Constraining ascent rates of diamond-bearing kimberlite magmas using diffusion chronometry

Carbonate-bearing leucitite

A cross-polarised photograph of a thin section of rapidly erupted carbonate-bearing leucitite with mantle xenolith from the Calatrava volcanic field, image by Emma Humphreys-Williams

Despite their economic importance and relevance to understanding the compositional evolution of Earth’s upper mantle through geologic time, there are many aspects of kimberlite ascent and eruption that remain poorly constrained.

Kimberlite volcanism involves the rapid ascent of mantle-derived magmas that occasionally contain diamonds.

Despite their economic importance and relevance to understanding the compositional evolution of the Earth’s upper mantle through geologic time, there are many aspects of kimberlite ascent and eruption that remain poorly constrained.

Arguably the most important of these is the volatile-driven (i.e., CO2, H2O) ascent velocities of primary kimberlite melts, which are difficult to study due to the intense alteration in most ancient kimberlitic rocks.

This project will investigate the geology of two contrasting, but relatively young and well-preserved diamond-bearing kimberlite deposits, in the USA (the Eocene Montana kimberlites) and in Tanzania (the Holocene Igwisi Hills; Brown et al., 2012).

The latter is the youngest known kimberlite on Earth and remarkably fresh, containing primary (i.e. magmatic) olivine, calcite, perovskite and apatite. The aim of the project is to determine kimberlite magma ascent velocities, capitalizing on recent advances in diffusion chronometry (Mutch et al., 2019; Costa et al., 2020) as applied to both zoned olivine and apatite phenocrysts, developed for other, more common magma types.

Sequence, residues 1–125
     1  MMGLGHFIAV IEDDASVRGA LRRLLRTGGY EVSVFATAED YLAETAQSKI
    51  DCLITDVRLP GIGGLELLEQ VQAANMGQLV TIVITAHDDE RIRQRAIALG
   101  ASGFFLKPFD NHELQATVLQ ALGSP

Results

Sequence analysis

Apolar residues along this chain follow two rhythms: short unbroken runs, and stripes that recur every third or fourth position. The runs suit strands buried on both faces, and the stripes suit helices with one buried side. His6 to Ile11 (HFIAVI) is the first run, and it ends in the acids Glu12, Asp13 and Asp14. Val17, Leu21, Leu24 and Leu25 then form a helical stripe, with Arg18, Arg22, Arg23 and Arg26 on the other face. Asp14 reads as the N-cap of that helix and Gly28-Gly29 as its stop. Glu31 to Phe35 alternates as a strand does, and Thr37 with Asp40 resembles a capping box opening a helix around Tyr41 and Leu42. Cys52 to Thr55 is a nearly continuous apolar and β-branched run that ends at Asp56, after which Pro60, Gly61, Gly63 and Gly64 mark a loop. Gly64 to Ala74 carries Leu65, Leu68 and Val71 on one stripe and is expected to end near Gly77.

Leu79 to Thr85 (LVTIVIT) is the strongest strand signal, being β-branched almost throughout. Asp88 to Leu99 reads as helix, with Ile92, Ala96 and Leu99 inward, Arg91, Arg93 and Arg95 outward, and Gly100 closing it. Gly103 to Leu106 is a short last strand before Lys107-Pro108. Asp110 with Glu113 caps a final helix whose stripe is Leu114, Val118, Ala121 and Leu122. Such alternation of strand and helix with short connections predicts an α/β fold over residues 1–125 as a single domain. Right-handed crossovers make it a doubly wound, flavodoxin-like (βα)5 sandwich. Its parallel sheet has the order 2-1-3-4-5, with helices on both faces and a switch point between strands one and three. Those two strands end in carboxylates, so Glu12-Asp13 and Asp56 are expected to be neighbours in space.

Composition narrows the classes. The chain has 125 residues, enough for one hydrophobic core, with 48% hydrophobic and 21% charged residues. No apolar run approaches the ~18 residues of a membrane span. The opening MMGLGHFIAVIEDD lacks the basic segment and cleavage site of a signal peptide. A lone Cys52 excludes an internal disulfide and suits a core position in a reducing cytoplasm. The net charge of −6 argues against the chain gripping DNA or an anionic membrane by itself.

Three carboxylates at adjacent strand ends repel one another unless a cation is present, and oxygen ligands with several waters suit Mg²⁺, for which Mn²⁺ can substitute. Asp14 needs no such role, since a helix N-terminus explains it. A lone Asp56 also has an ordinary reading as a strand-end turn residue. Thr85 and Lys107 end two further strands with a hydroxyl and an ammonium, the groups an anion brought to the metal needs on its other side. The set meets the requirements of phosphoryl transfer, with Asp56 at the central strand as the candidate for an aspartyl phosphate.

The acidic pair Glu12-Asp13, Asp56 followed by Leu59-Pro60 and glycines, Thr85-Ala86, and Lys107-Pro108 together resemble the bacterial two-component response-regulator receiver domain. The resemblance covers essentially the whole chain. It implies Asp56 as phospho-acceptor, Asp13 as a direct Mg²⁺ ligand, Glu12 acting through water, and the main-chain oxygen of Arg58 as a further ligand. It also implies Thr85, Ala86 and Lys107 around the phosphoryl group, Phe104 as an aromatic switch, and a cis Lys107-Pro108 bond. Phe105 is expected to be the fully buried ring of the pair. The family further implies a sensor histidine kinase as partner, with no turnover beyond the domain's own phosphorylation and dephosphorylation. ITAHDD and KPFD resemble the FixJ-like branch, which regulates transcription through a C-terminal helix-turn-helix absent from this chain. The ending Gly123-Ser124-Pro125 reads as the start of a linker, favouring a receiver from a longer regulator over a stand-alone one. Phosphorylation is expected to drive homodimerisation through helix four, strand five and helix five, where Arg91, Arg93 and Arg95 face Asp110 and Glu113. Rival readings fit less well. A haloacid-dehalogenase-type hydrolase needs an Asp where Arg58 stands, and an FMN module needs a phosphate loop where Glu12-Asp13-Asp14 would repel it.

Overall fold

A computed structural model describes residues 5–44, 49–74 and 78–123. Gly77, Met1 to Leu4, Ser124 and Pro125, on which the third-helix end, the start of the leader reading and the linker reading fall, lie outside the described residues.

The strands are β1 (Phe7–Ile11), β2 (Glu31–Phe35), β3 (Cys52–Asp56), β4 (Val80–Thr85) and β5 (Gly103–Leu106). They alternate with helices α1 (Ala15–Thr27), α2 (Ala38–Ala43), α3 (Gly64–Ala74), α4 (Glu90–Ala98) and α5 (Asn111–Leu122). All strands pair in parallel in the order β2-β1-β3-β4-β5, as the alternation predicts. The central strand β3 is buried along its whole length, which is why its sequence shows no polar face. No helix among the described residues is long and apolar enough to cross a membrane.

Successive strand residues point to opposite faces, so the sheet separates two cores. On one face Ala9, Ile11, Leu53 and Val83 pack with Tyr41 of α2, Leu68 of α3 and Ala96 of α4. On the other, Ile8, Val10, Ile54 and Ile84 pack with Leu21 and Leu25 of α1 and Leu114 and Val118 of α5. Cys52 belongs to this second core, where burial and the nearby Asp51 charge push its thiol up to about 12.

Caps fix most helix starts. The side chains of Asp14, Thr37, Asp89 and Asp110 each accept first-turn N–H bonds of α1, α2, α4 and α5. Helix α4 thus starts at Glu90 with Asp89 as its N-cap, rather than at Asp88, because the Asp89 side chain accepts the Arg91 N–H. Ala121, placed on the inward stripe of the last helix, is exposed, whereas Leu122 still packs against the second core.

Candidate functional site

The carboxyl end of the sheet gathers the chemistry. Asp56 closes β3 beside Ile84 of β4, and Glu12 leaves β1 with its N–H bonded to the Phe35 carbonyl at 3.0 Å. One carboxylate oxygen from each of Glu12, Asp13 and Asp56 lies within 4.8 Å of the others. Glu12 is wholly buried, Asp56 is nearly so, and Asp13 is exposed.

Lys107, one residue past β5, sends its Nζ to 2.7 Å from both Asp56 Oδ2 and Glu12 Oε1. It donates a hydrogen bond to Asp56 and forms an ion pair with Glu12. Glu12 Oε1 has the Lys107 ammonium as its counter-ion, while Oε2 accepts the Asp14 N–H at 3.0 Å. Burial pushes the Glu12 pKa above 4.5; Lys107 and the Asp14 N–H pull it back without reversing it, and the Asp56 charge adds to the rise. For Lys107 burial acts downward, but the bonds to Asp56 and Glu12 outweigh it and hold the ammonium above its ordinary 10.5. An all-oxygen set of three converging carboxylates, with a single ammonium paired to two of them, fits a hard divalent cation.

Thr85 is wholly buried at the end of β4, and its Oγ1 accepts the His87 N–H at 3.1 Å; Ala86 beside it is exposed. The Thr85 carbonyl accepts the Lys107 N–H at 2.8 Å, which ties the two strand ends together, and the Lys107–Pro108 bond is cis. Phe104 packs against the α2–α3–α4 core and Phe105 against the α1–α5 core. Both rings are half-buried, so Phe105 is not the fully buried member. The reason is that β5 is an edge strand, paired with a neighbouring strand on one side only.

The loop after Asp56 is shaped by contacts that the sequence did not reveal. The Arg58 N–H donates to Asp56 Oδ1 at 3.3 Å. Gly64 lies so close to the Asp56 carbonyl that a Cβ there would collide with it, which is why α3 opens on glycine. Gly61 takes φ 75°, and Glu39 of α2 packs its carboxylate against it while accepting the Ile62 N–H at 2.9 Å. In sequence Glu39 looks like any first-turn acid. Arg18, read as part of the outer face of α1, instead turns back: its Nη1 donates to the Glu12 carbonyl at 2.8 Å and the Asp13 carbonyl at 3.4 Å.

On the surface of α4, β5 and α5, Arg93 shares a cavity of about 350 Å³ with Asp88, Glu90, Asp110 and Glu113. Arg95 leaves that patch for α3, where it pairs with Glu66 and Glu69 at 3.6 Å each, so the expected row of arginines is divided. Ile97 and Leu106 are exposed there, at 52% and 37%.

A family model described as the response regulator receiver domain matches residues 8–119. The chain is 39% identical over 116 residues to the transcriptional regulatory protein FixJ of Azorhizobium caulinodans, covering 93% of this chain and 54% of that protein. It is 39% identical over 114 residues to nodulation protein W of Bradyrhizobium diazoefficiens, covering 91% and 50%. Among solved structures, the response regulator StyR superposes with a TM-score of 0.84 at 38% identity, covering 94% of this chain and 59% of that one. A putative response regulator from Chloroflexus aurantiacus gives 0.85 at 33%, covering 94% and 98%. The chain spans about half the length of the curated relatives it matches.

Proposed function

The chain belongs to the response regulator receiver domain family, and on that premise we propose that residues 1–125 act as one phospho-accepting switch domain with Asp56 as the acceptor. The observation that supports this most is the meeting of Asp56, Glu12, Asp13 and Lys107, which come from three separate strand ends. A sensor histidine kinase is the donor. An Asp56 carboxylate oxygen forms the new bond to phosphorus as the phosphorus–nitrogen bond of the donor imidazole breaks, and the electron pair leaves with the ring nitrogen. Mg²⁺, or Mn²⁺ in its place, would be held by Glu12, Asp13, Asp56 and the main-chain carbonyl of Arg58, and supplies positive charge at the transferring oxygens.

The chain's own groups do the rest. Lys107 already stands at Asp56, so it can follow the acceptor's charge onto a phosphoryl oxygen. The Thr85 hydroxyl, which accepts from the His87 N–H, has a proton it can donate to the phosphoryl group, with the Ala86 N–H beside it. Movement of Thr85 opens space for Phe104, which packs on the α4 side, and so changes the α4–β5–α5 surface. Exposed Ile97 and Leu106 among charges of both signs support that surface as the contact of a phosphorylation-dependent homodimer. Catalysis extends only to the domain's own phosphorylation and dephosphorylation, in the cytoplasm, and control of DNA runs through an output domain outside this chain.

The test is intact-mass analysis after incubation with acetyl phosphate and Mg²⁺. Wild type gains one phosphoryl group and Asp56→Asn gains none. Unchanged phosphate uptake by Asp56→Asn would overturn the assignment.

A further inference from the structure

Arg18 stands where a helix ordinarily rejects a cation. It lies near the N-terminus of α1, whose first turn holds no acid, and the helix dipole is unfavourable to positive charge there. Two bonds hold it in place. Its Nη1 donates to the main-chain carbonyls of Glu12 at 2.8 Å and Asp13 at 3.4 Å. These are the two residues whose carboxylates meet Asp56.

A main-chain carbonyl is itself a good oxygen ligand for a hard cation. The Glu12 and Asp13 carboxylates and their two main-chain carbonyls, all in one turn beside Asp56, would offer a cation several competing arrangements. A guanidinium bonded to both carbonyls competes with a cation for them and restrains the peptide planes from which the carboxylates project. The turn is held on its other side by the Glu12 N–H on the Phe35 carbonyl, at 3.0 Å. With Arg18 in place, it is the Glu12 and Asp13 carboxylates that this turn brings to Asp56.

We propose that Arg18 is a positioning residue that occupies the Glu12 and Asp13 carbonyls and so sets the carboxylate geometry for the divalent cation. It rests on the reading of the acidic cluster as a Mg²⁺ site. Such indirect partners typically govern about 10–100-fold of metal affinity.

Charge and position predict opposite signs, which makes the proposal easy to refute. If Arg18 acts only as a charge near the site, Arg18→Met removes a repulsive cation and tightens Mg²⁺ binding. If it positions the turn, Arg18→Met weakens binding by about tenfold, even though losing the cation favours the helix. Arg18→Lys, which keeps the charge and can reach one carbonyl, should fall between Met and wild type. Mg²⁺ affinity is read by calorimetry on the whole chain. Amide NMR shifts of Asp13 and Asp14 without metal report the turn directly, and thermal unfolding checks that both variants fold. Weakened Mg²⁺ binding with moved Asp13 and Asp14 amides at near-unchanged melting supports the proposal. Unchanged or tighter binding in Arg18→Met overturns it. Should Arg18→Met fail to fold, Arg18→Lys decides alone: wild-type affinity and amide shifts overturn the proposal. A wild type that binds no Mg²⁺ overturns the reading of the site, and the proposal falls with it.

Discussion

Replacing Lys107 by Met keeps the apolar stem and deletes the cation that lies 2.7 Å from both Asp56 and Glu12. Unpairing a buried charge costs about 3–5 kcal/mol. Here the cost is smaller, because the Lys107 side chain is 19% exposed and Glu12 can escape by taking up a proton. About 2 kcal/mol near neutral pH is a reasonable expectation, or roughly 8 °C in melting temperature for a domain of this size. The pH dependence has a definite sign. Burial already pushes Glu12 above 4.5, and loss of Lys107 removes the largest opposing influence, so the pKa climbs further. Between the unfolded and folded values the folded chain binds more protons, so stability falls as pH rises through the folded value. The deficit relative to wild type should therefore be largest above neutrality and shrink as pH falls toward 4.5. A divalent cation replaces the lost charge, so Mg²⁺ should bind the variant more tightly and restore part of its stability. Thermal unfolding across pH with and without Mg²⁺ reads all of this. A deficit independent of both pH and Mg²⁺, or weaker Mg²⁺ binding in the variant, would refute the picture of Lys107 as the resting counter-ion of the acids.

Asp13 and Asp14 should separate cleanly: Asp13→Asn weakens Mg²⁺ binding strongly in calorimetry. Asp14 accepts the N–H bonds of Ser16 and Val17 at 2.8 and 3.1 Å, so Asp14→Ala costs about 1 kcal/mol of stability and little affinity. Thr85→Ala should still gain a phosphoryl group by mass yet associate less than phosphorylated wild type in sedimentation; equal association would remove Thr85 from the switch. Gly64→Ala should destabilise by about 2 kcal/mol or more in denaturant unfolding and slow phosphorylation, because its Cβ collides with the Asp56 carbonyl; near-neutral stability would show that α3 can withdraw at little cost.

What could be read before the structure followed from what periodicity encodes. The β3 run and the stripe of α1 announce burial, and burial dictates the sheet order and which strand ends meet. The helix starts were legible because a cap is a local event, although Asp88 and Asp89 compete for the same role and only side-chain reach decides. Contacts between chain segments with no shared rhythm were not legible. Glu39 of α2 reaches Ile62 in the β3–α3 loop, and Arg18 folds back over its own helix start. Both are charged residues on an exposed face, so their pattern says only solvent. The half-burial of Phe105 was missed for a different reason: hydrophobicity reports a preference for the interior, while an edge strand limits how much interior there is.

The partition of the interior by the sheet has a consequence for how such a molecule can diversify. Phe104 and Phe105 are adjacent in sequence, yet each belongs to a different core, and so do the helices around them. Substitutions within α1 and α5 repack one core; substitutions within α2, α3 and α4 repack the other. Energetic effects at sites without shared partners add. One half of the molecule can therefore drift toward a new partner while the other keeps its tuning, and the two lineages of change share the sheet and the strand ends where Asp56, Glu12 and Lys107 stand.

This project will provide a novel, quantitative understanding of kimberlite volcanism and has potential to dramatically improve our understanding of kimberlite ascent and eruption rates. 

Project methodology 

Samples from the two kimberlite deposits will be analyzed by X-Ray Fluorescence Spectroscopy and inductively coupled plasma-mass spectrometry, to determine their bulk major and trace element compositions.

They will then be thin sectioned for characterization of mineral abundances, compositions and zoning by optical and scanning electron microscopy. These analyses will all be undertaken in SOES, UoS. 

As minerals precipitate in magmatic systems, changes in their storage conditions (e.g. pressure, temperature) or host magma composition can result in chemical zonation. As a chemical gradient exists between these zones, they diffusionally re-equilibrate at high temperatures; diffusion profiles can be compared with experimentally calibrated numerical models to calculate timescales of magmatic processes.

To mitigate diffusive anisotropy, crystals will be oriented using electron backscatter diffraction (Trinity College Dublin). High-spatial resolution diffusion profiles will then be analyzed by Electron Probe Microanalysis (University of Bristol: Mg, Fe, Ni, Mn in olivine) and Secondary Ion Mass Spectrometry (NERC Ion Microprobe Facility - apatite volatiles).